Physical Functioning and Aerobic Capacity

Standardized operating procedures were followed for the short-physical performance battery (SPPB) (Guralnik et al., 1994) which consisted of three timed components: standing balance, 4-m gait speed, and time to complete five chair-stands. Participant scores for each component were totalled between 0 and 12 used for analysis. The obstacle course was re-adapted from Steele et al. (2017) and consisted of a 25 m marked course incorporating 90 and 180 degree turns (Figure 2). Using a stopwatch to record time, participants were instructed to rise from the floor and carry a kettlebell weight (10 kg for males, 5 kg for females) as fast as possible around the course. The stopwatch stopped once the participant was re-seated on the floor at the finish line. Time in seconds (s) was used for analysis. For the 6 min walk test (6MWT) standardized operating procedures were followed (ATS Committee on Proficiency Standards for Clinical Pulmonary Function Laboratories et al., 2002). A 30 m track was marked in an environmentally controlled laboratory (17°C) with chairs placed at both ends. Participants were instructed to walk up and down the track covering as much ground as possible within 6 min. Participants were reminded the test was self-paced and if needed a rest was permitted; however, the stopwatch would continue to run. Participants completed two 6MWT with a 10 min break between tests, Average of the two distances in meters (m) was used for analysis.

FIGURE 2
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Figure 2. Mini obstacle course (25 m).

Blood Pressure and Fasting Blood Samples

Participants were laying rested on a medical bed for ∼5 min prior to blood pressure measurement. An inflatable cuff (SphygmoCor® CPV system; ScanMed Medical) was applied to the upper arm directly over the brachial artery and subsequent systolic and diastolic blood pressure readings (mmHg) were taken and used for analysis. A 35 μm capillary fingerstick blood sample was then collected in sterile conditions for the subsequent determination of plasma glucose (mmol/L; Alere Cholestech LDX Analyzer, Chesire, United Kingdom) and glycated hemoglobin (HbA1c %; Alere, AfinionTM, AS100, Cheshire, United Kingdom).

Physical Activity Follow-Up Survey

Six months post-cessation of the intervention all participants were re-contacted and asked to fill out an online survey (designed via Bristol Online Survey2). Survey was re-adapted from Forkan et al. (2006) and consisted of three multiple-choice questions. (1) How many times have you exercised in the past 4 weeks? (2) If you exercised in the past 4 weeks what type of exercise was it? (3) How long did each session last? Individual responses were totalled and analyzed to illustrate a %.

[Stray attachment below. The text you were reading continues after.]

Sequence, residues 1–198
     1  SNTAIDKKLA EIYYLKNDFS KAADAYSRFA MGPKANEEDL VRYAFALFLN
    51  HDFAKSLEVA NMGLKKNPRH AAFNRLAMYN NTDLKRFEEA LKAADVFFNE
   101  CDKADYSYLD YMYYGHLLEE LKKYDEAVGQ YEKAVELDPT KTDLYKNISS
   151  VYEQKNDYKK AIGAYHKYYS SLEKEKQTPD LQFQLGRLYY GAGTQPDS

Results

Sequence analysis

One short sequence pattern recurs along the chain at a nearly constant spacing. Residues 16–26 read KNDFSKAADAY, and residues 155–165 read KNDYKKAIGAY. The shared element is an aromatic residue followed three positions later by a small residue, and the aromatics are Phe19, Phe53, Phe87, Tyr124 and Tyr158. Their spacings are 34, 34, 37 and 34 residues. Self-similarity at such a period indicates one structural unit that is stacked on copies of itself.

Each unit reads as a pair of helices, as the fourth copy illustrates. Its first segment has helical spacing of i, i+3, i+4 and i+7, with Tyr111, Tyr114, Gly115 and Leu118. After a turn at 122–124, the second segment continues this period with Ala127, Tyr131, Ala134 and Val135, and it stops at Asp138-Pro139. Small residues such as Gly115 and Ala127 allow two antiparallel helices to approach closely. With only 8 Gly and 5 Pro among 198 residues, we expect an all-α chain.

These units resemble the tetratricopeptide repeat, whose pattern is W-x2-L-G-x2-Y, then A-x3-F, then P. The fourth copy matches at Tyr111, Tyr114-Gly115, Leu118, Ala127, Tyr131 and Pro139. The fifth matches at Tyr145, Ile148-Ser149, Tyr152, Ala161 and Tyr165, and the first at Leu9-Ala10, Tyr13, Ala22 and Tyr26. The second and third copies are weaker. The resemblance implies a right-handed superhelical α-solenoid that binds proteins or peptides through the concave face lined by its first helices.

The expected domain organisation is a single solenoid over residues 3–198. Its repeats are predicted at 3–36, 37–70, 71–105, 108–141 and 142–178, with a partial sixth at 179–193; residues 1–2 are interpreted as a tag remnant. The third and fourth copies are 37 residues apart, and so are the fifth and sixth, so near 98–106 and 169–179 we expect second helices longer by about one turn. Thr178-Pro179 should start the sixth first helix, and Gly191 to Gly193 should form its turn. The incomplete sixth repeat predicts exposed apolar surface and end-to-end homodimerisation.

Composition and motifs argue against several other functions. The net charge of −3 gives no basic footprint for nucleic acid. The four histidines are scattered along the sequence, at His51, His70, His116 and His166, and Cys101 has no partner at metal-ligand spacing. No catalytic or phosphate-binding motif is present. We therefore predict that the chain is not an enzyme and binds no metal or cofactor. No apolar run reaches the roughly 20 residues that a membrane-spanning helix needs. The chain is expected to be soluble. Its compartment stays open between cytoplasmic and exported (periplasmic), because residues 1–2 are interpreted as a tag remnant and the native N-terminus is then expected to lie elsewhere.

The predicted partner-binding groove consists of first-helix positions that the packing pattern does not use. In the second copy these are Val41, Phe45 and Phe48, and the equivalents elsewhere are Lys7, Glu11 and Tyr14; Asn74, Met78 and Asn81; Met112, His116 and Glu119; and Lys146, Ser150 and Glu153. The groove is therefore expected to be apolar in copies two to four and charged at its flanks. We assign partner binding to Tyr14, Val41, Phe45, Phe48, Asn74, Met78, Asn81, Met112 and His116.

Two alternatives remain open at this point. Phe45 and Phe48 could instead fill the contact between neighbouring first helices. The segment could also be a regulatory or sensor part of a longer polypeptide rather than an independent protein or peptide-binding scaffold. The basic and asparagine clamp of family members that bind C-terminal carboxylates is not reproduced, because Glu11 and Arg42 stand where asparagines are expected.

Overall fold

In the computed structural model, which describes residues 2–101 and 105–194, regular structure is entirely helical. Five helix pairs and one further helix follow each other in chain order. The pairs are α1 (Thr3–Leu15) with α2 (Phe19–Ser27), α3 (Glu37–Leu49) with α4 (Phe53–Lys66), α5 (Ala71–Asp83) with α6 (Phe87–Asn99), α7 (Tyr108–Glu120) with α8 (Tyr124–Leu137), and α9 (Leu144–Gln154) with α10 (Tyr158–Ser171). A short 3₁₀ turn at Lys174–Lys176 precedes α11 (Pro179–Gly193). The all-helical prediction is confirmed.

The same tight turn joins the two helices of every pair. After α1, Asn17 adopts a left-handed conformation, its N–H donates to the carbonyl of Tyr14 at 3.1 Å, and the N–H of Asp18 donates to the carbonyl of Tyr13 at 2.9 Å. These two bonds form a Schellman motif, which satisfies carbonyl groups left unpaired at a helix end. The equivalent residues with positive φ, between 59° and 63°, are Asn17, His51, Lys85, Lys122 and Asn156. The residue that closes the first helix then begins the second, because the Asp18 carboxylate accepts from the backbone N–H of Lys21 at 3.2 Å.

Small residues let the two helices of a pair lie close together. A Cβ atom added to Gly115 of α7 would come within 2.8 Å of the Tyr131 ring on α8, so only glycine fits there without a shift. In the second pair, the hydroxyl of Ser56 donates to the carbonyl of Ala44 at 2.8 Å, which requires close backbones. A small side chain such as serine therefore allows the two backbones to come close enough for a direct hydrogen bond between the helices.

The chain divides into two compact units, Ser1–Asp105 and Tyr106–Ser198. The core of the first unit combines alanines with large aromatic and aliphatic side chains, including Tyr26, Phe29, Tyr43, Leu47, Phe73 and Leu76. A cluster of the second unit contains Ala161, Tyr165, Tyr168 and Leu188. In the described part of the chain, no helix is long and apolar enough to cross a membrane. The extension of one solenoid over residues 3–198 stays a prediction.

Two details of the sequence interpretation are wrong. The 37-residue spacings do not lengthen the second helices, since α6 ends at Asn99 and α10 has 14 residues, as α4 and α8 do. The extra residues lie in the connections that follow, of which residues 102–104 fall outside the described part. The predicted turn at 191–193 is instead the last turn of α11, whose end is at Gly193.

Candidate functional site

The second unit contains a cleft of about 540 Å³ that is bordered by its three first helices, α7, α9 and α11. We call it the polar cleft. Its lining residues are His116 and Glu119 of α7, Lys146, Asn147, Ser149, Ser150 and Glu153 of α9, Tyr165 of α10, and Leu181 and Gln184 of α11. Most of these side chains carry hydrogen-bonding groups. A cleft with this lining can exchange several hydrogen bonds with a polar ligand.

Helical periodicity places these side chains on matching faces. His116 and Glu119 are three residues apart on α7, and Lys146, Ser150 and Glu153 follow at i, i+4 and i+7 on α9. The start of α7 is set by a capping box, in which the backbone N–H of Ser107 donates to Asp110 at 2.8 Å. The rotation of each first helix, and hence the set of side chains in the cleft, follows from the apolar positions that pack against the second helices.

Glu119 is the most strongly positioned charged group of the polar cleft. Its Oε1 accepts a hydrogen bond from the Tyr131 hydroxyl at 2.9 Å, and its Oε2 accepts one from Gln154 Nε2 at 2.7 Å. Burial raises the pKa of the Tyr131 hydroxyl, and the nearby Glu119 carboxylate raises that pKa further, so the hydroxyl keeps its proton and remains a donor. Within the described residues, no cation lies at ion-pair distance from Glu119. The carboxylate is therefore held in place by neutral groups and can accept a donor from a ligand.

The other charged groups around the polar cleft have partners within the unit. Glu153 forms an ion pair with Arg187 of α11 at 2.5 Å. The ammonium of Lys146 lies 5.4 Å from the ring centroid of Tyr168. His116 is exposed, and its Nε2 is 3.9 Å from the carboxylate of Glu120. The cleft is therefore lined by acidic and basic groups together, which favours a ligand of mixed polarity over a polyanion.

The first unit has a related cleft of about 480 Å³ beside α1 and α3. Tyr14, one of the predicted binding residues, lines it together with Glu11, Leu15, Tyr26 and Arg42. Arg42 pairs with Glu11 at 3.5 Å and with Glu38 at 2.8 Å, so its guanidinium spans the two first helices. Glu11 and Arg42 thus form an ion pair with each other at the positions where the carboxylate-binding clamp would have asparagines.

Exercise Intervention

Participants completed a gym induction and attended a familiarization day where the correct range of motion for each RE exercise was demonstrated to ensure technique and minimize injury risk. Participants also practiced lifting the weight to fatigue (defined as the point where the weight could no longer be lifted with correct posture). Participants were provided with a booklet detailing weekly sessions, specific exercises, and shown how to track weights. For FE, participants were shown the correct movement for each exercise and familiarized with the Borg scale during a practice session. Session attendance was recorded on arrival at the gymnasium reception desk. Average attendance was totalled to give a %.

Resistance Exercise

Each sessions lasted ∼50 min; with 5 min warm up of low-intensity exercise on either a motorized treadmill, cross-trainer or bike, then continued with 45 min of whole-body REs. Participants first completed one upper- and lower- body warm up with a lightweight. Participants then self-selected a moderate weight and completed 2 sets to fatigue separated by 3 min/between sets and 3 min/between exercises on each of the following machines in orderly fashion: leg press, chest press, calf press, shoulder press, seated row, and back extension. Bicep curl was performed last using a free weighted barbell due to no machine-based option. Weight was increased for upper- and lower- body exercises by 2.5 and 5 kg, respectively, once the participant completed ≥12 repetitions in both working sets. Maximal effort and progressive overload was encouraged by the exercise trainer.

Functional Exercise

Warm-up began with ∼10 min of low-intensity dancing to participants preferred choice of music. FE session consisted of 12 stations re-adapted from Whitehurst et al. (2005) with 1 min of exercise performed at each individual station before moving in order to the next. Each station was marked with the exercise station name, assigned a station number (between 1 and 12) and marked with a visible Borg CR-10 scale effort sheet. Participants completed the FE circuit 3 times with 3 min breaks between sets (see Figure 3). Participants were instructed to provide high effort throughout the session demonstrating a level of 7–10 on the Borg scale (Borg and Kaijser, 2006).

FIGURE 3
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Figure 3. Functional exercise circuit.

Protein Supplementation and Dietary Control